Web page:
(3)
The Corporation receives and correctly interprets ambiguous medical advice and reaches the conclusion that compensation ought to be cancelled, but later advice reveals that decision to be incorrect; or 
(4)
The original medical advice provided to the Corporation conclusively supports the cancellation of compensation, but later advice reaches a different conclusion. 
If the decision of the Corporation falls within any of the first three scenarios then the Court held that interest is payable from the date of the decision cancelling or suspending the entitlement. Broadly, this is because the Corporation will have been at fault in reaching its decision. In scenario four however the Corporation will not have been at fault, if on all of the available evidence, its decision was correct, and only on later evidence is its decision quashed. 
[11]
At [30] of her decision Judge Henare said: 
“Applying Miller to the facts of this case, I find there is no doubt that this case falls within scenario 4. I find the Corporation's decision to suspend entitlements on 19 September 2007 was made on the basis of the clear opinion of Mr Otto that Mrs Beveridge's ongoing problems were due to an underlying osteoporosis condition. Mr Hooker's report was consistent with that view. Dr Wigley's reports took a contrary view that Mrs Beveridge's condition was due to a pain syndrome. In the event, the District Court preferred Dr Wigley's opinion but found the competing opinions were finely balanced. ”
[12]
In my view that conclusion is a finding of fact which cannot now be challenged. The Judge had before her all of the medical evidence that was before the Corporation when it made its decision. Her conclusion, having considered all of that evidence, is that the Corporation's decision was made on clear and uncontroverted evidence and, in particular, that there was no ambiguity in the material it relied on.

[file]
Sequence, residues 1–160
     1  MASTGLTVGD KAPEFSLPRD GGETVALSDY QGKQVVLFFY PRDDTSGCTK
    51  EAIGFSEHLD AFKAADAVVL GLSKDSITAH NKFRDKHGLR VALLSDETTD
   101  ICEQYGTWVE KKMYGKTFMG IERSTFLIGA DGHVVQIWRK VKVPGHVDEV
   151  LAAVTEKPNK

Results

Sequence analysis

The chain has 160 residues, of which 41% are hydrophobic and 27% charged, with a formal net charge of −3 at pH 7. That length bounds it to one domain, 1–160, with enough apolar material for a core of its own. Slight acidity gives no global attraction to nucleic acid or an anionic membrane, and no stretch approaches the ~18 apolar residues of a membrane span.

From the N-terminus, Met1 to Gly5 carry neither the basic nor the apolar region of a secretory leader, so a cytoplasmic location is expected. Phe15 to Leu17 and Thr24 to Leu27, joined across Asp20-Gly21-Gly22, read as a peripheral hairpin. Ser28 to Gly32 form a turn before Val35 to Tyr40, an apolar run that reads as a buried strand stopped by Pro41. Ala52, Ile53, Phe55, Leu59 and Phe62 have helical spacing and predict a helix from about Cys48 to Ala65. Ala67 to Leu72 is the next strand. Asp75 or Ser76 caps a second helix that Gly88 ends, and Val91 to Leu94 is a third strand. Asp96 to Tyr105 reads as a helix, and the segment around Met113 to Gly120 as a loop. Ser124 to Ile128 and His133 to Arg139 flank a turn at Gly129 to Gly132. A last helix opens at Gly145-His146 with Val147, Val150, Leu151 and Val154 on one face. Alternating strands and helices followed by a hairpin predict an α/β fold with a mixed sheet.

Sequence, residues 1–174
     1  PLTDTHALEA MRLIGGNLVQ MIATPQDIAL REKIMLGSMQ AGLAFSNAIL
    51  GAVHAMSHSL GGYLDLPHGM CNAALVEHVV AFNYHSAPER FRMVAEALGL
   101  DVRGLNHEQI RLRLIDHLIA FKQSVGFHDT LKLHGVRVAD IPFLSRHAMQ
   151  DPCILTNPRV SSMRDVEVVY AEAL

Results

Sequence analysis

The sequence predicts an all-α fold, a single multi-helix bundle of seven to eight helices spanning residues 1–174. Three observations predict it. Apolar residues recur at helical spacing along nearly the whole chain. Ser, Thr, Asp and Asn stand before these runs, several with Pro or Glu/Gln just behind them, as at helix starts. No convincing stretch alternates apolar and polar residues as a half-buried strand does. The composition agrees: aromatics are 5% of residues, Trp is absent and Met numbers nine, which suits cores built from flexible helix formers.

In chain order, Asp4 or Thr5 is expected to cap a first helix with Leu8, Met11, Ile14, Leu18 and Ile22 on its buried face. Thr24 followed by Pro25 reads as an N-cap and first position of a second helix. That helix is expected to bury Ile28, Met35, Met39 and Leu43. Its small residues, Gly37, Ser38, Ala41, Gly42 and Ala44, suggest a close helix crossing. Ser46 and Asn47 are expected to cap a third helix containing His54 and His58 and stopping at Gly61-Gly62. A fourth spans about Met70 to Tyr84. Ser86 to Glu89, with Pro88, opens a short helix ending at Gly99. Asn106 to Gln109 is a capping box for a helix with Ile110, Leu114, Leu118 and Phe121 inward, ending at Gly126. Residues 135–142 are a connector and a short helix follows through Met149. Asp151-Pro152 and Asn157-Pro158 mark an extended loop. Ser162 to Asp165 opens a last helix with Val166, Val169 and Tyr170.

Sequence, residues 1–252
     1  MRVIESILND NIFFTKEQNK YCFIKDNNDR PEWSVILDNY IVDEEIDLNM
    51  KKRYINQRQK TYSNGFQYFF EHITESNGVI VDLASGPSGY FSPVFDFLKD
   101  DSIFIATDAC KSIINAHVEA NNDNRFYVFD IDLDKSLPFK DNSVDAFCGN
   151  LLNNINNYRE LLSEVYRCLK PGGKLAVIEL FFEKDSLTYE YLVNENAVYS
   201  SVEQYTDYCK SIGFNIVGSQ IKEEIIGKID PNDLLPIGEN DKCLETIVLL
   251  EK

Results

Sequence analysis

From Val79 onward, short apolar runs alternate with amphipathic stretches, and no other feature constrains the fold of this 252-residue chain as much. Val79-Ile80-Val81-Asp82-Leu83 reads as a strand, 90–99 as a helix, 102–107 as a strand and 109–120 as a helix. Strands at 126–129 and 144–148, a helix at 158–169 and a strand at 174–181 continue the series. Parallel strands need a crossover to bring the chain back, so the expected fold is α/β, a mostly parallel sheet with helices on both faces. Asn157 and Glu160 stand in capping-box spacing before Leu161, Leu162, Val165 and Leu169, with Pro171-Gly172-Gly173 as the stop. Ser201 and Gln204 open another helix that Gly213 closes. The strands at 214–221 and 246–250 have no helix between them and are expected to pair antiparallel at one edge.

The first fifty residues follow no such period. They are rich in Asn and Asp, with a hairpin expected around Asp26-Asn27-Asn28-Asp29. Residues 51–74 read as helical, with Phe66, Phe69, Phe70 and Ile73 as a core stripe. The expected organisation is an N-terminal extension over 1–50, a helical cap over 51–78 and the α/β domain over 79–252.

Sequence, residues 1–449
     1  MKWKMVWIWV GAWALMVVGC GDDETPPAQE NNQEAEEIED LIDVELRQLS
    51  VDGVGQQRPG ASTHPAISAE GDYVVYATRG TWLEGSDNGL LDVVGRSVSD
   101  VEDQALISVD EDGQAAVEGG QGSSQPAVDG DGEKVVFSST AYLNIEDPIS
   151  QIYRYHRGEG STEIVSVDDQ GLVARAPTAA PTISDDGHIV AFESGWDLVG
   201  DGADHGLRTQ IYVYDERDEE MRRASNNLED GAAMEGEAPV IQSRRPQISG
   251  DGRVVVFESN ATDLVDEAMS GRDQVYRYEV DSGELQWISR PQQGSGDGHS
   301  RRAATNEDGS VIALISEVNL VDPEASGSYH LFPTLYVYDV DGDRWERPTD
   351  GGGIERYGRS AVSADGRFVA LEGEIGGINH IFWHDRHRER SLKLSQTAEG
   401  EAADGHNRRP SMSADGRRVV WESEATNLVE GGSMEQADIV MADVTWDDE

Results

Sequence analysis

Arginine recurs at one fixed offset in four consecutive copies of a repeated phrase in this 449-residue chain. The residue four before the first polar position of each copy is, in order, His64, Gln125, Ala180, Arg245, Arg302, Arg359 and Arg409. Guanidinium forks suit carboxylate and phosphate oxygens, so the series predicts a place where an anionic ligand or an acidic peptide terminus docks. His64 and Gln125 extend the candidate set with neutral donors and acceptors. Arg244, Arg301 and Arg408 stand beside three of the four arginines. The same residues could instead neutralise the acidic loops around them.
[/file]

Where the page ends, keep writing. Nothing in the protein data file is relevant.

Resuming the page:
[13]
The law the learned Judge had to consider was which of scenario (3) or (4) the application for interest fell within. That required a finding on the evidence which was essentially that the material before the Corporation at the time of its decision conclusively supported the cancellation of compensation. Having reached that conclusion on the facts the Judge then properly categorised the application as falling within scenario (4). In my view no question of law arises, which is supported by the Court of Appeal which, at [53] of Miller, said: 
“We do not consider that there is any material distinction between those cases where the Corporation initially accepts that there is an entitlement to compensation and then ceases payment and those cases where the Corporation initially declines compensation. The mere fact that the Corporation has accepted that a claimant is entitled to compensation does not mean that it was correctly accepted, or that all relevant information is necessarily available to the Corporation. Whether, at the time cover is declined, the Corporation has all necessary information is a question of fact to be determined with reference to all of the relevant circumstances. ”
[14]
Having said that all issues conflated into one, it nevertheless appeared from submissions that there was a second possible question of law in that it was proposed on behalf of Mrs Beveridge that even if scenario (4) applies, the Corporation had “all information necessary” when it received the necessary medical evidence only, this being the report of Dr Wigley in August 2009 to show that the Corporation's decision was wrong. 
[15]
I do not see how that can be so. The wording of s 114 is clear, and it requires that the Corporation has received all information necessary “to enable the Corporation to calculate and make the payment”
[16]
As submitted by Mr Tui for the Corporation: 
“In the present case, at the time the Corporation received Dr Wigley's report (in August 2009) the appellant was in receipt of a benefit. In line with s 252, the Corporation was required to reimburse WINZ any benefit payment. Therefore, the Corporation did not have all ‘financial information’ in August 2009. ”
[17]
This was previously confirmed by the Judge at [31] of her decision where she confirmed that the arrears payment was made within the one month period of the Corporation receiving all necessary information, and so no interest is payable. 
Conclusion 
[18]
For all of the foregoing reasons no question of law for reference to the High Court has been identified. The application for leave to appeal must consequently be dismissed. There is no order as to costs.